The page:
“Maybe that’s enlightenment enough: to know that there is no final resting place of the mind; no moment of smug clarity. Perhaps wisdom...is realizing how small I am, and unwise, and how far I have yet to go." -Anthony Bourdain


Juliet is 100 days old today. Katrina and I made a commitment to work each one of those first hundred days. We did. Actually the way the schedule will play out we’ll work for at least 104. 107 if you count our soft opening days. 

We had multiple objectives: lead by example, constantly test our assumptions, meet our neighbors, develop working systems before handing over responsibility, look for new opportunities and areas of immediate improvement, fix all the problems, make it perfect.

We also intended to keep a little journal about each of those hundred days. Again with a number of objectives in mind: remember the people we meet, funny things we overheard, ideas about the immediate and long term future based on how we witnessed guests (and staff) experiencing our little space. I thought we might even turn it into a book. I still do actually, although there is no journal. Not really. We forgot. 

We became part of the backbone here at Juliet though whether it has been written down yet or not. Part of Katrina is in the neatly folded fire safe fabric on the shelves next to me that was our weather break. We sat through a series of icy meetings and then she sew’d it up herself, and hung it with the help of one of our favorite neighbors. It never had the chance to break much weather though, we opened just in time to not need it anymore. 

On Juliet’s first day, I was sure we had made a big mistake. More like a lot of them. Juliet is small. Really small. A ticket spat an order out of the printer and I swung a refrigerator door into my knee because there wasn’t enough room to open it. I tried to take a step back and there was a stainless steel table in the way. I tried to hand a plate to a guest and couldn’t reach. A second order printed and I tried to remember which refrigerator to open to find the salad greens. Every plate needed a component from someone else to finish it. They each wanted me to tell them what to do: where to find what they needed, how to prepare it, arrange it, in what quantity. I didn’t know. John, our long time sous chef (now chef de cuisine) looked at me and said we’ve been through this twice before, tomorrow everything will be ok.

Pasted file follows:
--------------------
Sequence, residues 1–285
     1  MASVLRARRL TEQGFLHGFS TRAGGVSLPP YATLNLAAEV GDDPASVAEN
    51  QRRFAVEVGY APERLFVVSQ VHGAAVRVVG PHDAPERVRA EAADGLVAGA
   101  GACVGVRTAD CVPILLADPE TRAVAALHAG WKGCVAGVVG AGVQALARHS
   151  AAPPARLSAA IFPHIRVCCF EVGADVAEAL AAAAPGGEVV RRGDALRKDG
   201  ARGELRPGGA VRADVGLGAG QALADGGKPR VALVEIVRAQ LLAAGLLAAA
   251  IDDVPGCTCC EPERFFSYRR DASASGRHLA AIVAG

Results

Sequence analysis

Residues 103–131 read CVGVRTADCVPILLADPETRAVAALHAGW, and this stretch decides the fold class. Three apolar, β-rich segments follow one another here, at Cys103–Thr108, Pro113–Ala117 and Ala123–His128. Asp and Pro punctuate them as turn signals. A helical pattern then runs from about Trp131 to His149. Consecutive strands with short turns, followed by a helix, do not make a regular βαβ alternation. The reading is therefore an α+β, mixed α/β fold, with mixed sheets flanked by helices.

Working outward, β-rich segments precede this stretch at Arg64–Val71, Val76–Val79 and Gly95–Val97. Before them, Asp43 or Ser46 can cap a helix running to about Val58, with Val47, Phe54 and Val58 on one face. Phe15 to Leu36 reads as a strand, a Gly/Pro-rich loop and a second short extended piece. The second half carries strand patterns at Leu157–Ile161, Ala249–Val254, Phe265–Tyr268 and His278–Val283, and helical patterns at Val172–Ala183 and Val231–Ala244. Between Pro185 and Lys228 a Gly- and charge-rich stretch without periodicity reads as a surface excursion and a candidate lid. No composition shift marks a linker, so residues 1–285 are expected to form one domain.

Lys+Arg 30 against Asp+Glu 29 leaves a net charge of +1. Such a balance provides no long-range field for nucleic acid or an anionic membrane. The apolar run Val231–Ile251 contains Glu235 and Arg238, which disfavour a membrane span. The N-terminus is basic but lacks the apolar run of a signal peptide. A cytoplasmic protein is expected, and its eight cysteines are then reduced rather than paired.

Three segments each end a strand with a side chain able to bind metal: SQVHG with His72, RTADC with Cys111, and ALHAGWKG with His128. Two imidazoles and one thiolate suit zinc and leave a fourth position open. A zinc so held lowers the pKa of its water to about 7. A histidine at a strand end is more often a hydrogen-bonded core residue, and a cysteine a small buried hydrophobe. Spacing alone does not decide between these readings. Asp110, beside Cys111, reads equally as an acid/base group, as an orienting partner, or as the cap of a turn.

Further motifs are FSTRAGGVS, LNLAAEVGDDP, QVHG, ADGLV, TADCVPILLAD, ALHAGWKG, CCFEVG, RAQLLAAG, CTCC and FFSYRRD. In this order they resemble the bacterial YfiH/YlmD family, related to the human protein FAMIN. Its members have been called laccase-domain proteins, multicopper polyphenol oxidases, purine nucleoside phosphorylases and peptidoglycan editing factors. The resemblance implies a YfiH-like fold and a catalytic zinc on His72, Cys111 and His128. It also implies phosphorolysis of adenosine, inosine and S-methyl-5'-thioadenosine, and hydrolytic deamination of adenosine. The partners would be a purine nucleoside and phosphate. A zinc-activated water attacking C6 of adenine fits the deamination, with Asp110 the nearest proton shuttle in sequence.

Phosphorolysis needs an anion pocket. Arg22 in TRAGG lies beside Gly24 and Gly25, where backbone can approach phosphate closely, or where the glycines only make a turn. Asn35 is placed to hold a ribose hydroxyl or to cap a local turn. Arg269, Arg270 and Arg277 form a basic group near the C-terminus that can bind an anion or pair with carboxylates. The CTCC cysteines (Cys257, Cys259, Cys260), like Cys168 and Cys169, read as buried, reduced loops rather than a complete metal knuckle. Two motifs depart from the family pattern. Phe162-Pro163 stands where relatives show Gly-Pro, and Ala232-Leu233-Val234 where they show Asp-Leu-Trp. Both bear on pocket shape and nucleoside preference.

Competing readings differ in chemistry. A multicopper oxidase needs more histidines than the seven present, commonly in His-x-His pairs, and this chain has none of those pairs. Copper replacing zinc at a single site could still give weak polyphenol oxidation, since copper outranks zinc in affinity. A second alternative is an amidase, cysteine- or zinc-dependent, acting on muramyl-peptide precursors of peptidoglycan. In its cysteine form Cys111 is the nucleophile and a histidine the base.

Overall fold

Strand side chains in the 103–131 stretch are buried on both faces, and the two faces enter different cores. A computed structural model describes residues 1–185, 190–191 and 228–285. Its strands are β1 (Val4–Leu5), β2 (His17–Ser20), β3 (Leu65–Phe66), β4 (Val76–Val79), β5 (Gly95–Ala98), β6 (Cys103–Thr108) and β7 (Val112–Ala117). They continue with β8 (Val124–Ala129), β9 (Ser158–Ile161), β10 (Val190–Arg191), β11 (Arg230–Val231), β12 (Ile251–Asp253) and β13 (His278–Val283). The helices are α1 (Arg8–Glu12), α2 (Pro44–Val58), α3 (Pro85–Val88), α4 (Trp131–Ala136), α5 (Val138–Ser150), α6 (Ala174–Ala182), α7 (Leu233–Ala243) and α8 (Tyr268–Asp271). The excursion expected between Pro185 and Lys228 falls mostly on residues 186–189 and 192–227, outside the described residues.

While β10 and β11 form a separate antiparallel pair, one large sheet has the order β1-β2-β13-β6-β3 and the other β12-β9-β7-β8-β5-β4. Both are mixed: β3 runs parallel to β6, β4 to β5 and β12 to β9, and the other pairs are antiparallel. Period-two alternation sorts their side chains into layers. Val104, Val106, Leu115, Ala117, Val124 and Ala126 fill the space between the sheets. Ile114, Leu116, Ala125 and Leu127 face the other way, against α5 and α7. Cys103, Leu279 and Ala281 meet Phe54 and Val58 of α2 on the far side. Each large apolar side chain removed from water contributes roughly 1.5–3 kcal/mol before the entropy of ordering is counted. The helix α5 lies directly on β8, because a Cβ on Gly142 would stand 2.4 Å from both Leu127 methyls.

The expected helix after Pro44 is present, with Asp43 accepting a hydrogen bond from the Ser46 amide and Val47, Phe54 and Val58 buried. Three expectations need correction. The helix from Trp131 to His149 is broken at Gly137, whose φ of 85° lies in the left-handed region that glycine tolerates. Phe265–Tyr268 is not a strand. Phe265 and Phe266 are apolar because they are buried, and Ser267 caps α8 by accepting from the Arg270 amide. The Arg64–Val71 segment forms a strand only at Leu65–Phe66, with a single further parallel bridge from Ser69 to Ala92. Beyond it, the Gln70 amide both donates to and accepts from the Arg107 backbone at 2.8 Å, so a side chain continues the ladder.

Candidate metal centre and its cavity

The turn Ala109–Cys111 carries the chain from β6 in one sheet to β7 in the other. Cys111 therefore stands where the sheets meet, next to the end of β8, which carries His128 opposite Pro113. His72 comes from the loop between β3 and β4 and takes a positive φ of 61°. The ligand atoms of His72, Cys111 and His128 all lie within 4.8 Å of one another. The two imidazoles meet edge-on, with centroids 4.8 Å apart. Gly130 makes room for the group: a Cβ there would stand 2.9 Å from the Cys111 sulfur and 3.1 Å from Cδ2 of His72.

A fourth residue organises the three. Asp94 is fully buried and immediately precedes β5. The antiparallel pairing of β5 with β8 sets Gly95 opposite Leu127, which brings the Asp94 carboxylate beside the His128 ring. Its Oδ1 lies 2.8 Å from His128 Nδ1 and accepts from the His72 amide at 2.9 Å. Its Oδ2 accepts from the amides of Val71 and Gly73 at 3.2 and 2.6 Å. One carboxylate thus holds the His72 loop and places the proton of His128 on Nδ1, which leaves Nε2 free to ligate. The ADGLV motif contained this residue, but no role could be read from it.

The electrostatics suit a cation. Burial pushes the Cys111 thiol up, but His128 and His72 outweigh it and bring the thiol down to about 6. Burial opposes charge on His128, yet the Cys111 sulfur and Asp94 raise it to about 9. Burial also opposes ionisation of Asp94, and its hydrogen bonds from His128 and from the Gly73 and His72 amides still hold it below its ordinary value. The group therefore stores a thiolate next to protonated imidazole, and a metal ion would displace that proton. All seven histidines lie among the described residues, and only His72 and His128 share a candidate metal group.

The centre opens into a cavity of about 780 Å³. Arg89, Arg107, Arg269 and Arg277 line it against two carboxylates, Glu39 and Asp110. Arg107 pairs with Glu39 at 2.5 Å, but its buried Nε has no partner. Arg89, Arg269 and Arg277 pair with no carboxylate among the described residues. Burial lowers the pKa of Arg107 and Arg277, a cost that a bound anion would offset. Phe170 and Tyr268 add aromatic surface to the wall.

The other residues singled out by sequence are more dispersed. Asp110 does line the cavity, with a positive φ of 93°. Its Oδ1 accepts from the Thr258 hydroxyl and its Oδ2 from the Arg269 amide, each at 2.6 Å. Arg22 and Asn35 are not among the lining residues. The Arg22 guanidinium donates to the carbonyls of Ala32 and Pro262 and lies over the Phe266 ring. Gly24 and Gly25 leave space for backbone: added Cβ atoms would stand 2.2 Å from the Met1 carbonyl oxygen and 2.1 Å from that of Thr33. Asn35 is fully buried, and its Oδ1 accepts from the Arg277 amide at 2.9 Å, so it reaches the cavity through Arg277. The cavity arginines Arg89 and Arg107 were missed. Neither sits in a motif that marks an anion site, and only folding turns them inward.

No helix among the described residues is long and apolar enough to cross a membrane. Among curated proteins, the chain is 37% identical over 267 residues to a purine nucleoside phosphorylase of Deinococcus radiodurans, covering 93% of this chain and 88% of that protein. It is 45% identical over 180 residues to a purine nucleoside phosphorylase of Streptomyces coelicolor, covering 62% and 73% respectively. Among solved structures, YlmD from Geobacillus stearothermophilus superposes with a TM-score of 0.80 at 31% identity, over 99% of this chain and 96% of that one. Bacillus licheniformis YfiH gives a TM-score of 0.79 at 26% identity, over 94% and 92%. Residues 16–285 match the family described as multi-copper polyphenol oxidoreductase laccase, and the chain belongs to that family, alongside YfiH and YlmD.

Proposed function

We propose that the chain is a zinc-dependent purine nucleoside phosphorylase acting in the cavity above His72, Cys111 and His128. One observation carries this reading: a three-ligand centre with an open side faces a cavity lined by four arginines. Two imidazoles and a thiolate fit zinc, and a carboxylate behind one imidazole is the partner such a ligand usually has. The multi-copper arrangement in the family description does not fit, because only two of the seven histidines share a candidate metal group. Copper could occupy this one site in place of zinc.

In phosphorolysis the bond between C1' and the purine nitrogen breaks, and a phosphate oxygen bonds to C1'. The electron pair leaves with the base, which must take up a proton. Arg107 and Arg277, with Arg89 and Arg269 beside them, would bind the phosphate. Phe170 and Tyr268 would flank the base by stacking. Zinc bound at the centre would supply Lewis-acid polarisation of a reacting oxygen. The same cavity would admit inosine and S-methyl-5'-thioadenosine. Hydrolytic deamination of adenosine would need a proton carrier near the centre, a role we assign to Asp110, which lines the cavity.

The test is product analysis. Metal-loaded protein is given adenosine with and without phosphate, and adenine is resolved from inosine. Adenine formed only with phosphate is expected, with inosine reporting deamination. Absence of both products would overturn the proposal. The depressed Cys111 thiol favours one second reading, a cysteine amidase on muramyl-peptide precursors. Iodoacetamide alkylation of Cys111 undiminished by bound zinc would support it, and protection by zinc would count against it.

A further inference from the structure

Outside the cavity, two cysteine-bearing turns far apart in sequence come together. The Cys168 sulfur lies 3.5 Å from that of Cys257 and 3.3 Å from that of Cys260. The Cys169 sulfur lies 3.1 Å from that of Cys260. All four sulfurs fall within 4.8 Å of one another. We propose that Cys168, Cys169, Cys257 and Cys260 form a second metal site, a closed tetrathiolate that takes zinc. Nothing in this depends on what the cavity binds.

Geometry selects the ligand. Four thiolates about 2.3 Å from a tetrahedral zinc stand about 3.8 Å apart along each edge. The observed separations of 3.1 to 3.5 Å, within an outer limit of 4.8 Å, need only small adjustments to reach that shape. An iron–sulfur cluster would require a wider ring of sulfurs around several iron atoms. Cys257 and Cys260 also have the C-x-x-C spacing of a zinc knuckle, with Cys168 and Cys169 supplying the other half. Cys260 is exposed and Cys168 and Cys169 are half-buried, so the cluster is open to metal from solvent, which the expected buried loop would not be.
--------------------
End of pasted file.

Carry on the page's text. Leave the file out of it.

It wasn’t. But his purposeful reassurance got us to that second day. And by the fourth day, it was ok. Two days later we entered our first weekend and then it wasn’t again. Those first seven days we were open for 12 hours at a time but probably worked for 20. I know one day at least in the first 21 days we worked for 22. I remember that felt kind of funny.